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Understanding how disruptions in signalling pathways cause human disease

  • Full or part time
    Prof D R Alessi
  • Application Deadline
    Applications accepted all year round
  • Competition Funded PhD Project (European/UK Students Only)
    Competition Funded PhD Project (European/UK Students Only)

Project Description

My laboratory focuses on unravelling the roles of components that regulate protein phosphorylation and ubiquitylation pathways emerging from the analysis of human disease. The aim of our work is to discover how these pathways are organised, how they recognise signals, how the signal moves down the pathway to elicit physiological responses and to comprehend what goes wrong in human disease. We hope that these findings will enable us to play the engineer in devising new strategies to treat disease. Wherever possible, we will work closely with pharmaceutical companies, as well as chemical biologists, to help with the development of tool compounds that specifically inhibit the signalling components with which we are working. In combination with genetic approaches, these tool compounds will be very powerful in helping us to decipher the physiological roles of signalling pathways and in validating to what extent inhibiting these networks effectively suppresses disease.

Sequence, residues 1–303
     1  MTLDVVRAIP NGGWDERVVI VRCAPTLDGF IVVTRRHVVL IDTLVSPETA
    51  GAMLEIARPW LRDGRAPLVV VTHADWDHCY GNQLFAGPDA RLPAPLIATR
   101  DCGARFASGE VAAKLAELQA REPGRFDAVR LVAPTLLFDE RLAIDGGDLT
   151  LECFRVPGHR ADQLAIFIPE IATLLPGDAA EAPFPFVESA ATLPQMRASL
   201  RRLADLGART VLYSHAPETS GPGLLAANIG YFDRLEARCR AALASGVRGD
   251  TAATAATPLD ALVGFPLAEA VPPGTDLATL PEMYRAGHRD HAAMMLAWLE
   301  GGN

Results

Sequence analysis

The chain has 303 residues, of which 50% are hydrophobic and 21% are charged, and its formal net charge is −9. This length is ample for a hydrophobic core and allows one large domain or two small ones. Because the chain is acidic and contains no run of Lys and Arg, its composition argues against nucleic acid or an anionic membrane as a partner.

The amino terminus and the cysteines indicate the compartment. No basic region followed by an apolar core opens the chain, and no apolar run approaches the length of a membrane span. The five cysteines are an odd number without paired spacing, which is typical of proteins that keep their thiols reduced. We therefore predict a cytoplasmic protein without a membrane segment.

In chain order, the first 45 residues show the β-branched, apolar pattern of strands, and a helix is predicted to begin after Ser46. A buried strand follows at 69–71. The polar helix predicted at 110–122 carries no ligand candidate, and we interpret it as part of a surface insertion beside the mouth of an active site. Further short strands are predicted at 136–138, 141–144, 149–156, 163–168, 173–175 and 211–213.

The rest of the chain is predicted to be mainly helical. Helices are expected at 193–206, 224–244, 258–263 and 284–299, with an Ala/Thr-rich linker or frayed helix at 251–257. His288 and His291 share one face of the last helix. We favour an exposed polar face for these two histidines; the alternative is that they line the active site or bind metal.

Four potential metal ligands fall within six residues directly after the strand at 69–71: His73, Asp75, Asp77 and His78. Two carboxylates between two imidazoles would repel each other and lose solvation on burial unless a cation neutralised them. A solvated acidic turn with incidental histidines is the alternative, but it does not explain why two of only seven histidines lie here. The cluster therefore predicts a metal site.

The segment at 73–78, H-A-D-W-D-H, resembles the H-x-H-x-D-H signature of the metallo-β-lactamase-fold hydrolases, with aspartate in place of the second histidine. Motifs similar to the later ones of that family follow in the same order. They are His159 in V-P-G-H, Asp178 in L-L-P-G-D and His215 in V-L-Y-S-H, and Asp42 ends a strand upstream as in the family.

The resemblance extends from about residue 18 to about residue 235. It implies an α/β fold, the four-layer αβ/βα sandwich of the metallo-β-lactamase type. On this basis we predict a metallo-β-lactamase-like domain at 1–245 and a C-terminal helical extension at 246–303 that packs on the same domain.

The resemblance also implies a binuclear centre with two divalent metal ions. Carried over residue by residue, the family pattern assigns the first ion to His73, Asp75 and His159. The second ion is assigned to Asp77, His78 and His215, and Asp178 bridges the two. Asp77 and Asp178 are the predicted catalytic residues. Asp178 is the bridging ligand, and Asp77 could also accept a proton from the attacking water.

Possible projects include
1. Understanding the important role that LRRK2 protein kinases plays in Parkinson’s disease. This project aims to build on recent progress that our laboratory has made (PMID:27474410 and 26824392). It is aimed a deciphering how LRRK2 is regulated and functions and how mutations in this enzyme cause Parkinson’s disease.

Please see http://www.ppu.mrc.ac.uk/studentships/phd_projects.php#p10 for more projects

Funding Notes

We offer a 4 year studentship in which you would join a particular lab in the Unit. However, we strongly encourage prospective students to become part of the 4-year PhD programme in which you carry out rotation projects in two labs within the Unit (View Website). This studentship is jointly funded by the Medical Research Council and the University of Dundee and carries a tax-free stipend of £20,000 per annum

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